If I had to choose one song off the album to analyze closely, it would be Piercings. This is easily my favorite song on the album. There are so many things that are right about this song- the riff is memorable, the solo-ish lick at the beginning is fantastic, especially when it melts into the double-kick rhythm. The tremolo-blast part in the middle is as intense as it needs to be, and the song never lets up. A masterpiece if I do say so myself.

If you haven't already heard this album, it is a must-listen for anyone who claims to be a death or thrash metal fan. It was ahead of its time then, and it's still miles ahead of most of the "BR00T4LITY" we see today. It's classic technicality, with taste and some soul crushing added in to the mix. Go forth and listen.

Goodish...but the Black/thrash influences are gone - 77%

CHRISTI_NS_ANITY8, August 26th, 2008

Most of the bands that played a raw form of death/black metal in the 80s somehow changed their style in the 90s. It happened for Sepultura, Kreator, Sodom and to Sarcofago too. Their I.N.R.I. is still nowadays regarded as a milestone in black/thrash metal and as one of the most extreme examples of brutal music back in the 80s. Their following Rotting already showed some more thrash metal oriented riffs and less will to destroy everything, displaying their growth in technique and songwriting. Anyway, to me I.N.R.I. is still the best album in their discography.

This third album, The Laws of Scourge, marks a further separation from the primordial black/thrash of the debut to embrace more thrash influences. Everything remains quite raw anyway, but the band had chosen a less impulsive approach to the music and the structures now are a bit more complex (they are not a technical thrash metal band anyway!) and full of more various riffs. The main problem is that when I.N.R.I. sounded refreshing in its sheer brutality, this The Laws of Scourge doesn’t manage to keep always my attention even if they grew as musicians…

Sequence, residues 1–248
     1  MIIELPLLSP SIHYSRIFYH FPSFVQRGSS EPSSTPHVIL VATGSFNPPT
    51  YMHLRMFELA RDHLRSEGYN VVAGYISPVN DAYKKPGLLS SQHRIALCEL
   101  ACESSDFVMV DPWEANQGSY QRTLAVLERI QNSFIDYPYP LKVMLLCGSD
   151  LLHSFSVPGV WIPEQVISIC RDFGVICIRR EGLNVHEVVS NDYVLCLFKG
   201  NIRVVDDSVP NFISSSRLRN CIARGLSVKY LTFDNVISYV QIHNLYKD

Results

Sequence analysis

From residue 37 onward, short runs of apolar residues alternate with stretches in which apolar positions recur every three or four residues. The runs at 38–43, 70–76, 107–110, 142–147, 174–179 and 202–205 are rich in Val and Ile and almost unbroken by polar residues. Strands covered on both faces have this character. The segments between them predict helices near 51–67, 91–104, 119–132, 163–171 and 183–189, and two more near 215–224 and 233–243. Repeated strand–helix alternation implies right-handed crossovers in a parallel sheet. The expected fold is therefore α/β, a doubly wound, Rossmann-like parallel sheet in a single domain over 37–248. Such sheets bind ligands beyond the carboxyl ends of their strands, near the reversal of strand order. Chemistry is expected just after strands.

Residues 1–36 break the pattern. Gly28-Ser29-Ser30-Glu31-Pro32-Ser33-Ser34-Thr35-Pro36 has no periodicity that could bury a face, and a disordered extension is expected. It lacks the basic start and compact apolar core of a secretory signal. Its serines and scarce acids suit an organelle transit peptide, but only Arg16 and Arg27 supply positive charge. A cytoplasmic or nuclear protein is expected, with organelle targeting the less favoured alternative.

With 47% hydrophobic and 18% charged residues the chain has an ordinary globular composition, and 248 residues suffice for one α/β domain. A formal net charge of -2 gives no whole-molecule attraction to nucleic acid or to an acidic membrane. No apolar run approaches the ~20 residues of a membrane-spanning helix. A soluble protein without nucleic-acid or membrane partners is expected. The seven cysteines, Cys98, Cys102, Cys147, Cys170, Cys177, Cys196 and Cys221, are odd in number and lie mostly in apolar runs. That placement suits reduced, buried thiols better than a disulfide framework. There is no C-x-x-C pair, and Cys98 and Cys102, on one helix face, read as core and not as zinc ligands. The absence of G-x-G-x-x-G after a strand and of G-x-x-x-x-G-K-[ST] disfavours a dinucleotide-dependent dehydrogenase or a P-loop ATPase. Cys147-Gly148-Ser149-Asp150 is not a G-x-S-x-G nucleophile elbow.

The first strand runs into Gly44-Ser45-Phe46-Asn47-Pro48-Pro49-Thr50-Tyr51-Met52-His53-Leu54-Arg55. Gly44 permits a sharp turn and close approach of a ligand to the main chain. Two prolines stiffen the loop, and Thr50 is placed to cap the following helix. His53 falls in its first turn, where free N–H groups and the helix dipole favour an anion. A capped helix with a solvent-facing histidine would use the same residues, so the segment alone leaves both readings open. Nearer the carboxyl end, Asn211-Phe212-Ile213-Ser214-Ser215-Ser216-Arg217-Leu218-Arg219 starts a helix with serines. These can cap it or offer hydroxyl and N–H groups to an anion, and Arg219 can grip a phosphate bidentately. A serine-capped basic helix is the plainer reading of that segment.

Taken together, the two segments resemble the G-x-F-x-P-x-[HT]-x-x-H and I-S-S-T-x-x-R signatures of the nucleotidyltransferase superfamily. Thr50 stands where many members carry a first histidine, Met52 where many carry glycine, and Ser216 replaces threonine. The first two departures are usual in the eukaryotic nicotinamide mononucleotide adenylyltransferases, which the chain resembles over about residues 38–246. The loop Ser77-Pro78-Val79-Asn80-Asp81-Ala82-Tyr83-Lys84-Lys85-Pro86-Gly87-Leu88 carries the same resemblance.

It’s not a bad album, not at all and it contains good songs but some parts are a bit too weak and sound tired. Maybe it’s because of the production, that is a bit sloppy for the guitars but some parts still don’t convince me even if I’ve listened to this CD many times. Let’s start from the title track that is one of the most representative ones here. Already from here you can listen to the first thrash metal riffs while the most brutal parts come with the blast beats sections. These are just quite short and the band prefers the up tempo to accompany the music.